This log was inspired by "How to Read Wittgenstein" and "Ludwig Wittgenstein: the duty of genius" by Ray Monk. It is based on reading Tractatus Logico-Philosophicus by Ludwig Wittgenstein translated by D. F. Pears & B. F. McGuinness (Routledge and Kegan Paul:1963)

Friday, April 4, 2008

How is this useful?

How can such specialized rigs and catches be used so that logic acts as the all inclusive the mirror of the world? Well, in that they all hook up in an infinitely fine grid to form that great mirror.

(~p) is true if 'p' is false. Therefore, in the case when the proposition (~p) is true, proposition (p) is false. How then can the prefixed tilde '~' make it agree with reality? In (~p) it is not '~' that negates, but rather what it is that all the signs in this notation that negate p have in common. And that is the common rule that governs the construction of (~p), (~~~p), (~p ∨ ~p), (~p.~p), etc. etc. ad inf. It is this common rule that mirrors negation.

We might say: What is common to all symbols that affirm both p and q is the proposition (p.q). What is common to all symbols that affirm either p or q is the proposition (p∨q). Similarly, we can say that two propositions are opposed to one another if they have nothing in common with one another. And we can also say that every proposition has only one negative, since there is only one proposition that lies completely outside if it. Thus, in Russell's notation as well, we see that (q:p∨~p) says the same thing as 'q', and that (p∨~p) says nothing.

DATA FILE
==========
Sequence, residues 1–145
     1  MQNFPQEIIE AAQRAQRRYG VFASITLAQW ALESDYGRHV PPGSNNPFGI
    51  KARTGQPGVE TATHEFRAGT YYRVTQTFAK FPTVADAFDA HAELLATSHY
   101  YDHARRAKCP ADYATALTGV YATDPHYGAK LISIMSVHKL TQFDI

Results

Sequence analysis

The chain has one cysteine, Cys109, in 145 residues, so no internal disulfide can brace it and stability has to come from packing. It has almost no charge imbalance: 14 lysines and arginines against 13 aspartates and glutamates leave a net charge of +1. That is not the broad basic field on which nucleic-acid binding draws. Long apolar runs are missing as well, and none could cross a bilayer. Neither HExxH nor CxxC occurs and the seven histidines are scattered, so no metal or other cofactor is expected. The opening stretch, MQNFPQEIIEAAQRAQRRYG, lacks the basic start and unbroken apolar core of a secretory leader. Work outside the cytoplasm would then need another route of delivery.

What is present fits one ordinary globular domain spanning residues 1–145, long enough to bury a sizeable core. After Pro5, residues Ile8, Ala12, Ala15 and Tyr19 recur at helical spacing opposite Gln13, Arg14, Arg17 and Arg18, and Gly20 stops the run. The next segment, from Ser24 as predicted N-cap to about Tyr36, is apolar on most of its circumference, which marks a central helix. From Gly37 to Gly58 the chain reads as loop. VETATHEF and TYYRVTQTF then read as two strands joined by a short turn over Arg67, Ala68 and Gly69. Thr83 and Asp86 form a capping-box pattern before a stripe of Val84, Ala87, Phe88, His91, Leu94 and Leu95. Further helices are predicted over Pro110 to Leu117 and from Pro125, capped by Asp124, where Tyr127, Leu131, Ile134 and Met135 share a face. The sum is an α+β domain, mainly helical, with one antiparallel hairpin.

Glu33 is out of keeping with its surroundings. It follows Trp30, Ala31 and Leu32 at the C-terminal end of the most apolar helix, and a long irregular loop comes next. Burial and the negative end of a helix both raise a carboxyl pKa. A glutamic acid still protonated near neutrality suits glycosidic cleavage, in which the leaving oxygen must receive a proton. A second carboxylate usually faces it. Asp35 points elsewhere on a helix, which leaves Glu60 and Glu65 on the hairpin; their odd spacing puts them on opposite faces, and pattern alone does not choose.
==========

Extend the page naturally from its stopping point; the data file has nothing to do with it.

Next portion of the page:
Once a notation has been established, it will contain a rule governing the construction of all propositions that negate p, affirm p, affirm p or q, and so on. These rules are equivalent to the symbols and reflect their sense.

Our symbols themselves must show that compounds created by using '∨', '.', etc. can only be propositions. This is indeed the case, since the symbol in (p) and (q) itself presupposes '∨', '~', etc. If the sign 'p' in (p∨q) could not stand for a complex sign, then it would not make sense in isolation. But in that case, the signs (p∨p), (p.p), etc., which have the same sense as (p), could not make sense either. But if (p∨p) makes no sense, then neither can (p∨q).

Must the sign of a negative proposition be constructed from that of the positive proposition? (Such as: when 'a' does not stand in a certain relation to 'b' then this could say that (aRb) was not the case.) The positive proposition necessarily presupposes the existence of the negative proposition and vice versa.

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